Decided January 28, 1959.
Messrs. Marcus Levy ( Mr. Harry C. Chashin, appearing), attorneys for plaintiffs.
Messrs. Harkavy and Lieb ( Mr. Jerome S. Lieb, appearing), attorneys for defendant.
Plaintiffs Sarrak Smith and Frank Smith filed a complaint against the defendants Motor Club of America Insurance Company (hereinafter called "Motor Club") and Jennie Smith on January 3, 1958. The defendant Jennie Smith was, on February 11, 1955, an insured of Atlantic Casualty Company, the predecessor of defendant Motor Club. Plaintiff Frank Smith, husband of Sarrak Smith, sued for medical expenses paid or incurred on her behalf. The complaint, in its caption, states that the suit is brought not only on behalf of the plaintiffs but also "in the right of all other persons who have been or are entitled to coverage under the medical payments clause of automobile liability policies issued by the defendant, Motor Club of America Insurance Company, and who are similarly situated." The plaintiffs alleged that they were entitled to reimbursement for medical expenses incurred when Sarrak Smith was injured on February 11, 1955, while a passenger in a car owned by the defendant Jennie Smith, and being operated by the latter's husband William Smith. The collision occurred apparently without any negligence on the part of the operator of the car of Jennie Smith.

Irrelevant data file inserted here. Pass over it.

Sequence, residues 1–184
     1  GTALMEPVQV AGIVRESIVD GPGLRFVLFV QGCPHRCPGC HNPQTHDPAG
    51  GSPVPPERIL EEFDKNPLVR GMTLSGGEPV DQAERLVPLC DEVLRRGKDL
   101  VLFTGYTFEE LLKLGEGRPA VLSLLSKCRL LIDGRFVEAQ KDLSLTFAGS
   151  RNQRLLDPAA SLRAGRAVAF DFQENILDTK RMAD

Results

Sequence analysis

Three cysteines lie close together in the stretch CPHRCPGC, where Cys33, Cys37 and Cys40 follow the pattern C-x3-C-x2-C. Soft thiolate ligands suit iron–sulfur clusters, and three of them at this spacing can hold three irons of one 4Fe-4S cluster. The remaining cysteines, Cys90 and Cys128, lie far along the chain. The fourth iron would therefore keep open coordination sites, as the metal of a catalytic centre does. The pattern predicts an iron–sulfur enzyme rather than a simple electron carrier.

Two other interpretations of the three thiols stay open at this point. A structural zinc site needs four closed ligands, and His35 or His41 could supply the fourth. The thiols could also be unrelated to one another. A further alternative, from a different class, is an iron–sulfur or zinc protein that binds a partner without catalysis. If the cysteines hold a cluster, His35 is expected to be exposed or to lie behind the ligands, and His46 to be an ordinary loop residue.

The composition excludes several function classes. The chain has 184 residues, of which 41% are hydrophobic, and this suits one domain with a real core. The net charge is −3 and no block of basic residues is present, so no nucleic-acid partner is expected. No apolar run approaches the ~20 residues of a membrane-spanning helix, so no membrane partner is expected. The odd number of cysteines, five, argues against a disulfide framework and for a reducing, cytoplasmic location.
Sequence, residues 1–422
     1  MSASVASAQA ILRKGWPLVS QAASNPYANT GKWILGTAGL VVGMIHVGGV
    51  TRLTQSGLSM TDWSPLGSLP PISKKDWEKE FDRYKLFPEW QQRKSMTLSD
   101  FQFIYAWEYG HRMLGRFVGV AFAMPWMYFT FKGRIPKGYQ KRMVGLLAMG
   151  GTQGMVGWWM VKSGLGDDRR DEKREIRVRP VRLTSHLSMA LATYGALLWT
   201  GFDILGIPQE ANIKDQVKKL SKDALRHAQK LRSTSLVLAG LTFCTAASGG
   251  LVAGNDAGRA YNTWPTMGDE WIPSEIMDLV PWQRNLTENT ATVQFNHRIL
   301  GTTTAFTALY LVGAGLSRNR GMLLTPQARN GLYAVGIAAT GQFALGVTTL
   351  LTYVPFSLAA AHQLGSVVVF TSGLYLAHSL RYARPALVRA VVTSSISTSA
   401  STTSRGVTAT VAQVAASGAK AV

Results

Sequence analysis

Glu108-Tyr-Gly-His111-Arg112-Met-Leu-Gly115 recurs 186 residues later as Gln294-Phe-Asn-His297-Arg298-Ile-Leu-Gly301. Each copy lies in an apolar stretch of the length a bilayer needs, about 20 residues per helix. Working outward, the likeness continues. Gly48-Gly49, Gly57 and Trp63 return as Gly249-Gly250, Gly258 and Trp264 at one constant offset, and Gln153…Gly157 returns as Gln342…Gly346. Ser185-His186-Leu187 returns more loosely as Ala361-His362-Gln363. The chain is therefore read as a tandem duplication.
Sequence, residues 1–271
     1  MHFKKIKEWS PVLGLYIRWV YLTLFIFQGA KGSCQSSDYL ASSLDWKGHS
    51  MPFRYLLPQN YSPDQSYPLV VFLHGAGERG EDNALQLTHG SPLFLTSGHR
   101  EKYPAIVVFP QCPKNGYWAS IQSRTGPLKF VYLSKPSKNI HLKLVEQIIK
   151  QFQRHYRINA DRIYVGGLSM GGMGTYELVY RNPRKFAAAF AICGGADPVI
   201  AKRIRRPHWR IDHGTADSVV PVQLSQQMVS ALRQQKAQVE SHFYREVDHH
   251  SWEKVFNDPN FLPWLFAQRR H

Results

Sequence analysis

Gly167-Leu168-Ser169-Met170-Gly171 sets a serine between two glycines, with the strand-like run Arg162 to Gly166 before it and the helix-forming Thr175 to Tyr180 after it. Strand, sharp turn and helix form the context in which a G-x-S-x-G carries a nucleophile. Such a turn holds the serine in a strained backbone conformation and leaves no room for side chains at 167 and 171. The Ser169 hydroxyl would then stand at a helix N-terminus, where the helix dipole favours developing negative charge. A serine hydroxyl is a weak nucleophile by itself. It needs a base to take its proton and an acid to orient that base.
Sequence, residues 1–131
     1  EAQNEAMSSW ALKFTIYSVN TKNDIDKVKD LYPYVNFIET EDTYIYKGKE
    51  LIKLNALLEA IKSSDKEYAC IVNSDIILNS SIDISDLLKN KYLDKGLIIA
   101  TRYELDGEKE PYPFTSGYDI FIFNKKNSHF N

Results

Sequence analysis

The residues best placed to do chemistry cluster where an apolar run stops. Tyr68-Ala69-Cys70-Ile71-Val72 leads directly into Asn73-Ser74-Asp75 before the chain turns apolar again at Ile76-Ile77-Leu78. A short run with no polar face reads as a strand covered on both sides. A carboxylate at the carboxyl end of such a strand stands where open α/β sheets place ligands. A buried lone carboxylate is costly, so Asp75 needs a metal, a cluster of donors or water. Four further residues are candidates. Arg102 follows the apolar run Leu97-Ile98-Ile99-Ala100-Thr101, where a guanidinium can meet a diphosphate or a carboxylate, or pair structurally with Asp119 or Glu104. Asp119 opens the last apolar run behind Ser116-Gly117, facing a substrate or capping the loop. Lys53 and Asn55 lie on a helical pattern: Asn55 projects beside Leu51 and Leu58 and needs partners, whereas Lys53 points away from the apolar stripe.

Sarrak Smith and her husband instituted suit in the Law Division of this court, Passaic County, against Jennie and William Smith and Michael Czaban, the owner and operator of the other vehicle involved in the accident. A settlement of that suit was effected and the defendant Czaban paid to Sarrak Smith and her husband the sum of $8,000. No payment was made by the Motor Club as the insurance carrier of Jennie Smith. It is conceded that defendant Motor Club declined to make any payment solely as liability carrier. A general release, dated August 30, 1957, was given to Czaban by Sarrak and Frank Smith.
The policy which the Motor Club had issued to Jennie Smith provided, under coverage "C," that the company would pay all reasonable expenses incurred within one year of the date of the accident to each person sustaining bodily injury while in the insured's vehicle. The coverage limit was $2,000, as shown by a supplemental document submitted with the policy. The policy, in paragraph 17, under the heading "Conditions," states that upon payment of a medical expense claim under coverage "C" and other coverages the company is entitled to subrogation of all rights of the insured, or any other person to whom payment is made under such coverage.